Sheesh! What About Other Things I Can’t Control?

The longer we operate our vacation rental business, the more of these things pop up.

Unseasonably stormy days ruin long-anticipated plans for whale watching and snorkeling. A hurricane warning triggers anxiety when deciding whether to stay and risk danger, or leave and cut short a dream vacation.

Then there’s stepping on a scorpion in the middle of the night when getting up to pee, or experiencing unprecedented chest pain. Medical events are especially scary when you don’t know who to call, where to go and how to speak the local language.

As small business owners, how far are we obligated to go in all of this? After all, we offer vacation rental properties, not staffed hotels.

What are our ethical—and legal—obligations to our guests?

My ‘Golden Rule’ Principle

I’ve developed a hosting philosophy that helps me decide what, if anything, to do when things happen outside of my control: our guests are under our care and protection.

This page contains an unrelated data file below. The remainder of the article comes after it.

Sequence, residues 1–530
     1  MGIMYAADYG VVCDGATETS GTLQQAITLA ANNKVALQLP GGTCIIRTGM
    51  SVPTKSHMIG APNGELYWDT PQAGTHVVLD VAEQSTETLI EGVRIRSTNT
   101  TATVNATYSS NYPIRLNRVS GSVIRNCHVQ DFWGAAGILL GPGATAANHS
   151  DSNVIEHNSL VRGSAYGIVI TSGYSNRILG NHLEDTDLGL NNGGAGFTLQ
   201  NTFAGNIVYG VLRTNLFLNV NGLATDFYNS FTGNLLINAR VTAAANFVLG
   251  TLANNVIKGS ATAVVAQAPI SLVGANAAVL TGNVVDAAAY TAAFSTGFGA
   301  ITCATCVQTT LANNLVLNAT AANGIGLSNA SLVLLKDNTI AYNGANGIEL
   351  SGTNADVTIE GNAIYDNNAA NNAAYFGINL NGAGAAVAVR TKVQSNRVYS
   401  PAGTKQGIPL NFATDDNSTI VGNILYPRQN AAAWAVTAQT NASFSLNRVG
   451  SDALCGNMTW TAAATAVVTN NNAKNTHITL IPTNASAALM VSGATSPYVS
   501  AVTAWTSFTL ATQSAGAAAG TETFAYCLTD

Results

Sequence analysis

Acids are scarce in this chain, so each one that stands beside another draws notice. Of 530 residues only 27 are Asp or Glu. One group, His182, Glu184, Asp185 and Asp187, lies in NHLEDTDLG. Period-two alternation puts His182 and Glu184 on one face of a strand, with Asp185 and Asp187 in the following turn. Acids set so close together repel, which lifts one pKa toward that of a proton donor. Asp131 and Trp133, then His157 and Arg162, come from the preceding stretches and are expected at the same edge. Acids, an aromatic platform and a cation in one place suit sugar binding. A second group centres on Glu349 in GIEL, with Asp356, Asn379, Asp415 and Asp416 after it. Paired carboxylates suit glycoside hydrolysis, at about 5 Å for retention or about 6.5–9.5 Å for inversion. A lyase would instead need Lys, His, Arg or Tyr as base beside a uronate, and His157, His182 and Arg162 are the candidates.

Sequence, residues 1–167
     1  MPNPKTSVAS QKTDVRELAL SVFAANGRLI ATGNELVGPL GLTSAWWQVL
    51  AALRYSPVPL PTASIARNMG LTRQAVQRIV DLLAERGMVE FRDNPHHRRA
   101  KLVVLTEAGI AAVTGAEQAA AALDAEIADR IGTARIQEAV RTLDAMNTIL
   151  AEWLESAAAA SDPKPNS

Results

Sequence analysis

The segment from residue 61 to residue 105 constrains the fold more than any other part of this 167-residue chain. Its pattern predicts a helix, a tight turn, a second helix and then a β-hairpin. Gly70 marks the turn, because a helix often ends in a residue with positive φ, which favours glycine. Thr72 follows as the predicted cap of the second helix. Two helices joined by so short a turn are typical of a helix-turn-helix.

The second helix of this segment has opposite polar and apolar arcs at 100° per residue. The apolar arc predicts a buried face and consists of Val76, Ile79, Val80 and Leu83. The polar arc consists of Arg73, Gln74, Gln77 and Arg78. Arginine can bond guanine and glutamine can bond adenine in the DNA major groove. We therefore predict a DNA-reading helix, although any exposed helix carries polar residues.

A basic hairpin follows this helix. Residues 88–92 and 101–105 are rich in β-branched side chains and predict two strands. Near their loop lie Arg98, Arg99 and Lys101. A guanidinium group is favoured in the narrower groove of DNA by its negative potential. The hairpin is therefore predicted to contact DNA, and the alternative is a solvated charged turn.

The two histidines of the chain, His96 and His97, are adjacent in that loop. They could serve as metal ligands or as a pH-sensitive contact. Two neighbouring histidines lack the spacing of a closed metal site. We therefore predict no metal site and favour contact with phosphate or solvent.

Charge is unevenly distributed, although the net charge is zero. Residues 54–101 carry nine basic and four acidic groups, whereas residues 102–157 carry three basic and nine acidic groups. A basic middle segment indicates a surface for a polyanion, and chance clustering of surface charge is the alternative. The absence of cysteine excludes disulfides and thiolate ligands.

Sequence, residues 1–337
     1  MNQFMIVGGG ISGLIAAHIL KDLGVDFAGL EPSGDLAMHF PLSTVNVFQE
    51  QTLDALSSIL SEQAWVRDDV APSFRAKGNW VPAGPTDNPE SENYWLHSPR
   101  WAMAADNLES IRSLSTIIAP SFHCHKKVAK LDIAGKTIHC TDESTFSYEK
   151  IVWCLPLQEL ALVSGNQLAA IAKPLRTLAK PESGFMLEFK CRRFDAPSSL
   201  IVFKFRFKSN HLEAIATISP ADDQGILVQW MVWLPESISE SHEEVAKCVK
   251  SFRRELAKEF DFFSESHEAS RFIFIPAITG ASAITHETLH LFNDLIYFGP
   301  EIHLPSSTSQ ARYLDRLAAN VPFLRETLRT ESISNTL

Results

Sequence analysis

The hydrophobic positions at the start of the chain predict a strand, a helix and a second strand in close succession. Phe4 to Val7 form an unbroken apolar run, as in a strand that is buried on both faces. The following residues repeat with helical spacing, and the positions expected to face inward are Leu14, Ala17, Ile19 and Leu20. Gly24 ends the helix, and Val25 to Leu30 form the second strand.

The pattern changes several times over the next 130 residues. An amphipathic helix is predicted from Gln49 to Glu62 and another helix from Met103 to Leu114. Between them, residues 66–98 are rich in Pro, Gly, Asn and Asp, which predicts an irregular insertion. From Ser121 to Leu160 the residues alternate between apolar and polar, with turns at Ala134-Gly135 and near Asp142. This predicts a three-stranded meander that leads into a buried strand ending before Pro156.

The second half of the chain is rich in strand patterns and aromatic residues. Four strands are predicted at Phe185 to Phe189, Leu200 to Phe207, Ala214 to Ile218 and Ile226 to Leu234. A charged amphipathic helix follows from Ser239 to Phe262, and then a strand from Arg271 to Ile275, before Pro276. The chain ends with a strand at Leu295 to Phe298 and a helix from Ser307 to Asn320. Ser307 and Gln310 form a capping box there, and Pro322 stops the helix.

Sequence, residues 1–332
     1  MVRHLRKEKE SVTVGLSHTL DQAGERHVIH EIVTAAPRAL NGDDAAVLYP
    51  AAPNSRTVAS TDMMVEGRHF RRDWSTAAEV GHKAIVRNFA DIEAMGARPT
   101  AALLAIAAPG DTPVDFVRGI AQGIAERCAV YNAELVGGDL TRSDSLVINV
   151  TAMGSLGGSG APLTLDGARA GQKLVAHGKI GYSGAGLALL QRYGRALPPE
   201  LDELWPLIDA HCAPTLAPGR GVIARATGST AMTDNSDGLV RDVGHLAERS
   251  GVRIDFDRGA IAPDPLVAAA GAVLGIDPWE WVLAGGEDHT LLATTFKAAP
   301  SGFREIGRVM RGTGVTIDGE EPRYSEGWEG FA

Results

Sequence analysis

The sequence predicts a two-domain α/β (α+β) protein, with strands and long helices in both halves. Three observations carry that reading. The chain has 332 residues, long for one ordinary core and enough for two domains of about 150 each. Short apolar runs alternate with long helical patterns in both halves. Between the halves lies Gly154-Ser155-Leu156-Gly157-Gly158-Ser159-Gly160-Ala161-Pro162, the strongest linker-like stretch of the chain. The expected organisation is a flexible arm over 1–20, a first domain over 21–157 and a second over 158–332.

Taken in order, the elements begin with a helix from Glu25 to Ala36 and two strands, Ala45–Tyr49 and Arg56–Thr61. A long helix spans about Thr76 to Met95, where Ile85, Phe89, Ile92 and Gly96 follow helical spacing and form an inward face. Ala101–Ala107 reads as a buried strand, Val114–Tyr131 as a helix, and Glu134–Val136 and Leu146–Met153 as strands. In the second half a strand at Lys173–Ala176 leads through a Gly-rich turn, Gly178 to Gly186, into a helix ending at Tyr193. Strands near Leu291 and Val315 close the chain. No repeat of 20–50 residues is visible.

"Our guests are under our care and protection" is Sallie Mitchell's golden rule applied to vacation rental hosting.

In addition to helping me decide what to do, this philosophy helps me override my more self-serving, short-term-thinking tendencies.

Whenever confronted with the issue I ask myself, what would it take for our guests to feel cared for and protected—without sacrificing too much rental income?

Photo: Our guests are under our care and protection.

The Golden Rule Principle Applied To Two Construction Projects

Three years ago, during our first season of renting and hosting, a guest called me on Morning #4. He begged for relief after he and his wife had suffered two days of all-day jackhammering.

We were in the U.S. and had no idea our next-door neighbor was demolishing his three-story concrete block house.